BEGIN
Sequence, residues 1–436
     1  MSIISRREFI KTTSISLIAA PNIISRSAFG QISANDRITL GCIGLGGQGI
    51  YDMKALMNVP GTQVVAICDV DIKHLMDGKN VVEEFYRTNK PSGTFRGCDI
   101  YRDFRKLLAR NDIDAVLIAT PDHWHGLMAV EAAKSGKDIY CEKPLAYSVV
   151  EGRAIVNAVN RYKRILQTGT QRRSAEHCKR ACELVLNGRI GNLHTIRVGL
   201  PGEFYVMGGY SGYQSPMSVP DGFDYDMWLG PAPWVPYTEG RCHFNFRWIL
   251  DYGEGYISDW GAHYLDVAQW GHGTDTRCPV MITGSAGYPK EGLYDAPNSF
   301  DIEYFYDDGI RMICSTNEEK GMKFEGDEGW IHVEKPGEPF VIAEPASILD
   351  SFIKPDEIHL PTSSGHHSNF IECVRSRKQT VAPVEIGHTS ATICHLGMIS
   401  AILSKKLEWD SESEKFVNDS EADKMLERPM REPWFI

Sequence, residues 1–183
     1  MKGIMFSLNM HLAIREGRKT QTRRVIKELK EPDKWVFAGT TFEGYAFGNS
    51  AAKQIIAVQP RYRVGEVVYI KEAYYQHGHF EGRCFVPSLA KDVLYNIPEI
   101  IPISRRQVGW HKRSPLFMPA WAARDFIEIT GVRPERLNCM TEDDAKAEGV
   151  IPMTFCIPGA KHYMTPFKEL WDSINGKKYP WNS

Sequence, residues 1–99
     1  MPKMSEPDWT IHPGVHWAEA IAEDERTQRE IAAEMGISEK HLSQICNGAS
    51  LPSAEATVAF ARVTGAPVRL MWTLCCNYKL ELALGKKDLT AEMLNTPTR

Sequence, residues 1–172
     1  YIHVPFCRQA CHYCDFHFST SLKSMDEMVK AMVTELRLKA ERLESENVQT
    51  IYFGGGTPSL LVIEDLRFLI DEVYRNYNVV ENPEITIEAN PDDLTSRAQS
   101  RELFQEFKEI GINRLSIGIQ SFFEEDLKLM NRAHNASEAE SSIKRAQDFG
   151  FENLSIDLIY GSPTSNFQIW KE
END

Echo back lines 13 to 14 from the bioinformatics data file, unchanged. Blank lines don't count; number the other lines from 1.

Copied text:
    51  AAKQIIAVQP RYRVGEVVYI KEAYYQHGHF EGRCFVPSLA KDVLYNIPEI
   101  IPISRRQVGW HKRSPLFMPA WAARDFIEIT GVRPERLNCM TEDDAKAEGV